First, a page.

The Army missed opportunities to prevent the suicide of a “positive and bubbly” officer cadet at the prestigious Sandhurst military academy, an inquest found.
Olivia Perks, 21, was found hanged in her room at the elite military training school in Berkshire on February 6 2019.
Coroner Alison McCormick recorded a conclusion of suicide at the end of the inquest on Friday, with her medical cause of death recorded as asphyxia due to hanging.
She said the army missed an opportunity to get Ms Perks seen by a doctor after the Falklands Ball on February 1 2019, after which she slept in a colour sergeant’s room.
The fact stress was a factor that placed Ms Perks at higher risk was also not passed on to the chain of command after her first term, meaning they were less likely to believe getting her seen was necessary.
The coroner said: “The risks to Olivia were not managed in accordance with the Army policy for the risk management of vulnerable people.
“There was a missed opportunity by the chain of command to recognise the risk which the stress of her situation (after the Falklands Ball) posed to Olivia and a medical assessment should have been, but was not, requested.
“It is not possible to know what the outcome would have been had a medical assessment taken place, but it is possible that measures would have been put in place which could have prevented Olivia’s death.
“It is my hope that Liv’s legacy will be an Armed Forces where the welfare of everyone is properly safeguarded … by embracing those qualities that so defined Liv, of positivity, hard work and determination.”
After the inquest, her mother Louise Townsend said the coroner’s findings were “very different” to the story the Ministry of Defence had told her relatives following her daughter’s death.
In a statement issued through her solicitor outside court, she said: The maternal family of Olivia welcome the findings of the coroner’s inquest into her tragic and unnecessary death.
“The last four years have been the hardest and most difficult journey we could have embarked upon: to lose our wonderful, vivacious and captivating girl, in circumstances which we now know were avoidable.
“We have been fighting for the truth of what really happened since she passed, and the story we were presented with at the start of this process by the Ministry of Defence was very different to the conclusion that has now been reached by the coroner.”
The inquest at Reading Town Hall, which took place over 16 days, heard Ms Perks fell victim to a “complete breakdown in welfare support” during her time at the academy.
She tried to take her own life during a Royal Engineers visit in July 2018 but was deemed at “low risk of reoccurrence” after.
She was back on duty two days later and warned she risked losing her place at the academy if she engaged in similar behaviour again.
The inquest was told Sandhurst had an “irresponsible” lack of welfare support despite being rated outstanding by Ofsted three times before the tragedy.
It had just one welfare officer for 2,500 people according to Lieutenant Colonel Rupert Whitelegge, who was commander of the academy’s Old College at the time.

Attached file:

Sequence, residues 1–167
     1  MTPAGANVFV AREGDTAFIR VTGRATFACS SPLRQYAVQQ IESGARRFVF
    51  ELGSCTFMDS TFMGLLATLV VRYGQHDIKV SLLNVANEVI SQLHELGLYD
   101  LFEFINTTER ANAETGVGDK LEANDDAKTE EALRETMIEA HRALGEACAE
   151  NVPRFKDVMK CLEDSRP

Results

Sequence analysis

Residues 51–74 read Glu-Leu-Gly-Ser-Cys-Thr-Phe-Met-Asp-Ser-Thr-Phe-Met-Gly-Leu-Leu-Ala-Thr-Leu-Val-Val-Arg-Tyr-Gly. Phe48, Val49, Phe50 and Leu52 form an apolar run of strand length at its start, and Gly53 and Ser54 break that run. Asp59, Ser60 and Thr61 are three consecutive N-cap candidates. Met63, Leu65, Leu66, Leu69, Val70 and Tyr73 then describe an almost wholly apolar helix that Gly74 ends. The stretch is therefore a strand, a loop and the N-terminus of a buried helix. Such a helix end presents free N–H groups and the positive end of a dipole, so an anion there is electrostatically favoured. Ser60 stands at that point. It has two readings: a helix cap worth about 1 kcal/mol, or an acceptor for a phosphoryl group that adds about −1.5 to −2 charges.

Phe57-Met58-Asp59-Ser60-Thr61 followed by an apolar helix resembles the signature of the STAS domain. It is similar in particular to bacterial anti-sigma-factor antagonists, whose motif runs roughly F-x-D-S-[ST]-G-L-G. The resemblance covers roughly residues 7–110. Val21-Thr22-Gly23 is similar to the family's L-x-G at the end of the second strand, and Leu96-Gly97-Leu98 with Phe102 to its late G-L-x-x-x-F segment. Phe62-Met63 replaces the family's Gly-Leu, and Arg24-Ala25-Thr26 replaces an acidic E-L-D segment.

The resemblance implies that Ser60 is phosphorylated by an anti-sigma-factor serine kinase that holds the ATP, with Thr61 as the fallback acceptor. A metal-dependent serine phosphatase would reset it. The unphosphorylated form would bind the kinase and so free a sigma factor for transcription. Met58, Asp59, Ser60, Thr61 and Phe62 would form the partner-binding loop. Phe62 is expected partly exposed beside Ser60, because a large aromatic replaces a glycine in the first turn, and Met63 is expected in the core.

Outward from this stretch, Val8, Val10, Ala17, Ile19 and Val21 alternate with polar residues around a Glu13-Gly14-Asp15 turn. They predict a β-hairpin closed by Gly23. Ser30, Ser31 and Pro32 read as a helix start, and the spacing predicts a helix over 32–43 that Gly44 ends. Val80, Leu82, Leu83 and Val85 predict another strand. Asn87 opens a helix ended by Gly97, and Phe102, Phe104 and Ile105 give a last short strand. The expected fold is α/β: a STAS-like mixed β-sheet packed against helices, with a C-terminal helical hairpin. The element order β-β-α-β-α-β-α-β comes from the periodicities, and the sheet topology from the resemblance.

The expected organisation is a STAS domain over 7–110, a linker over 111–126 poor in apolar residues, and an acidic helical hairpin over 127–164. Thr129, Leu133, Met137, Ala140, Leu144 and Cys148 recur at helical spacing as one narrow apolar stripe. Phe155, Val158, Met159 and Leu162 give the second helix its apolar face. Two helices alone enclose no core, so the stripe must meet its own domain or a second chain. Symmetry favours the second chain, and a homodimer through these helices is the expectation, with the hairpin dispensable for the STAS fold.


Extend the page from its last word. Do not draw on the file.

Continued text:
Witnesses told the hearing that during the Royal Engineers visit, Ms Perks had she confessed that she wanted to go in the sea, wanted to kill herself and asked for a belt and knife.
She also tried to swallow rocks and attempted to strangle herself.
She had been in a banned relationship with then staff sergeant Mark Easingwood, who worked as a fitness instructor for cadets, in the months before she died.
Sophie Given, whom Ms Perks had met on a dating site, told the hearing her friend told her she “may be pregnant” with a staff sergeant’s baby.
He told the hearing they “kissed once” and had “an emotional bond” but denied their relationship was sexual.
After the Falklands Ball, she spent a night in Colour Sergeant Griffith’s room.
The pair denied sexual activity had taken place, claiming the colour sergeant had invited her in out of concern for her welfare and she had slept there.
The inquest heard that she had said, in a text to a friend, that they had had oral sex and he told the hearing they may have done but that he was too drunk to remember.
After she was seen leaving in her ball gown from the night before she was told “my office now” by the regimental sergeant major and later missed a parade.
She felt an “overwhelming sense of embarrassment” as she felt she had got the colour sergeant into trouble and feared losing her place at the academy.
In the days before her death, friends told the inquest she felt like she was “on trial” as the academy’s leaders questioned her about the incident and rumours about it spread on WhatsApp.
One staff member told her she had “had enough male company” as she was being informally questioned about that night by a largely male group.
In a letter to her mother, which was found in her room when she died, she said she “just can’t deal with the false rumours which have ruined my army career.”
Speaking outside court following the inquest, the academy’s commandant, General Zac Stenning, said: “We are deeply sorry for the systemic and individual failings within the Royal Military Academy Sandhurst which led to the tragic death of Officer Cadet Olivia Perks in February 2019.
“Much more should and could have been done to support her. As an organisation we should have been better.
“I have promised to commit to a culture of continuous learning to ensure Sandhurst remains a safe and positive training environment for our future leaders.
“Nothing less is acceptable.”